The SEC reviews the information provided by the firm from this part of the form to process registrations and manages its regulatory and examination programs.
The second section of the form is a longer narrative that is prepared by the investment adviser. This must be written in plain English and contain detailed information on the specific types of advisory services offered, the fee schedule of the adviser, disciplinary information, and any conflicts of interest. This latter part may include details on whether any directors have outside business interests that could impact their judgments or provide inside information.
This part should also include management background—their educational history and business experiences. These bios should extend to key advisory personnel, as well. This section is the most important primary disclosure document offered to clients by investment advisers. Brochures are always available to the public once they are filed.
SEC Form ADV Part 2 must also include a supplement, which details information about key employees who directly provide investment advice to clients.
Annual Updates to SEC Form ADV
All investment advisers are required to submit annual updates to their brochures. This includes any and all material changes that occur within the firm and any information and/or activity that takes place that is critical to their business.
SEC Form CRS
SEC Form ADV previously included Part 3, which was meant to serve as a summary of the previous sections. As such, it was called the relationship summary. In June 2019, the SEC amended the form and spun the third section off into an altogether new form called SEC Form CRS or the Relationship Summary.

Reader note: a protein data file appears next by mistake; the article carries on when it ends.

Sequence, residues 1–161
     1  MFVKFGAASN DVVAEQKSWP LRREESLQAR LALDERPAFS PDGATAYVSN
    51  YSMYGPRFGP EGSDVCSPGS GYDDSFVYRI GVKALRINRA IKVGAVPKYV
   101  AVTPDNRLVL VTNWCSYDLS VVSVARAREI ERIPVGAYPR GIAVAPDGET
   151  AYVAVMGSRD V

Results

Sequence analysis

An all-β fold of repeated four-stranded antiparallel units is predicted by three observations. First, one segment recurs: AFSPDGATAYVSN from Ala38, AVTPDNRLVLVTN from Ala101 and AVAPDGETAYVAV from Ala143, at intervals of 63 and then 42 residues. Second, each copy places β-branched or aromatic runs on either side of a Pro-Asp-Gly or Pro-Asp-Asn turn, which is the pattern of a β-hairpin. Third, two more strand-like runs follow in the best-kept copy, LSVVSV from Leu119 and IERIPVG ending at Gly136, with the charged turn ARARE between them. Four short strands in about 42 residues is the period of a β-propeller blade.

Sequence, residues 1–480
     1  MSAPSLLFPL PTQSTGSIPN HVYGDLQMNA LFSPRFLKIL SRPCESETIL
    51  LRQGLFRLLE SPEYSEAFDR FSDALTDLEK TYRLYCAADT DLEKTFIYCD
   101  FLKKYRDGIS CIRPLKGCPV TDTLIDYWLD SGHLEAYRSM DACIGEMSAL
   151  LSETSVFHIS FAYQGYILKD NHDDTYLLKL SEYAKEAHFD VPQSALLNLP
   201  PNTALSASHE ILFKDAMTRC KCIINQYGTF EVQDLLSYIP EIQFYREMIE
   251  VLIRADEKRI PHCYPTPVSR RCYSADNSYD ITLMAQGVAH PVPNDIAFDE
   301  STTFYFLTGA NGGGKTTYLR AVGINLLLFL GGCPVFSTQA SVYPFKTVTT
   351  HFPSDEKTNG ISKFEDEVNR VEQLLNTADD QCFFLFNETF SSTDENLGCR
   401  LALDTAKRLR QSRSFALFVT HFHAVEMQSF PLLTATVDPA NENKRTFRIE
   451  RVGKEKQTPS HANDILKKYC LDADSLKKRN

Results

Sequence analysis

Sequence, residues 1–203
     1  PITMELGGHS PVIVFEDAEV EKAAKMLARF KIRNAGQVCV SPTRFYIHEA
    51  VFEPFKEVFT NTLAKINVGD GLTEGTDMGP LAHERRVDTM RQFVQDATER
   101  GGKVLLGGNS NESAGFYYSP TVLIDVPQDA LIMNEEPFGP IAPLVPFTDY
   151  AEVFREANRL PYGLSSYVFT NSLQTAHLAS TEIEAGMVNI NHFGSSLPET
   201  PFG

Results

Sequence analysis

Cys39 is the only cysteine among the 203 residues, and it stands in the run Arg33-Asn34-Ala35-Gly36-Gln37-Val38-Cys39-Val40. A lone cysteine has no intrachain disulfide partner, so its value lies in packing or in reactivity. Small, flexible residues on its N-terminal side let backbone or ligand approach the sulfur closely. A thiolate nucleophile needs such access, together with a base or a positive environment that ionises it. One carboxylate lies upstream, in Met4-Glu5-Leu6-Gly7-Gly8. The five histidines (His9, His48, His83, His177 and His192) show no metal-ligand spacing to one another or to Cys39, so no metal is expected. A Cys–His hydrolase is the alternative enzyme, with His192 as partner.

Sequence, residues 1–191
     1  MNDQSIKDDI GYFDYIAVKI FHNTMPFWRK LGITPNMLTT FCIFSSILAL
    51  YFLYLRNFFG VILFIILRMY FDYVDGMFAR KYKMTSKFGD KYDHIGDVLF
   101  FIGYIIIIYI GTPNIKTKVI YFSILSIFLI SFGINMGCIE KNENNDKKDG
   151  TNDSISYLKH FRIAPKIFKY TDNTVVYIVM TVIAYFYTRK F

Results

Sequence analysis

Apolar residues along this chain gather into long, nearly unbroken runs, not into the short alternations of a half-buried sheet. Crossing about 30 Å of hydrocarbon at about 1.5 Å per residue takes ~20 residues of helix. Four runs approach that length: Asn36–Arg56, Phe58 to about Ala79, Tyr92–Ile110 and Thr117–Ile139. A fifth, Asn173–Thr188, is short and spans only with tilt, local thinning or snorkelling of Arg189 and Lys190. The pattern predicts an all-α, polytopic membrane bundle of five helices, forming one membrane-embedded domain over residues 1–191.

The form is meant to "deliver to retail investors a brief customer or client relationship summary that provides information about the firm." It must be filed with the SEC by every firm that provides retail investment services to their clients and it must be submitted to these individuals.
As noted above, SEC Form CRS is a summary of information from SEC Form ADV. Therefore, advisers must include the following information:
- Identifying information
- Services provided
- Client relationships
- Fees and costs
- Conflicts of interest
- Standards of conduct
- Disciplinary action
- Additional details
The form must be concise and written in plain English so it can be easily understood.
How to Access SEC Form ADV
To request a copy of Form ADV, contact the SEC branch closest to you. Potential and current clients of an investment adviser should always review the Form ADV on file, as it provides transparent evidence of the asset mix within the firm and the professional backgrounds of key personnel.
Download SEC Form ADV
Here is a link to a downloadable SEC Form ADV.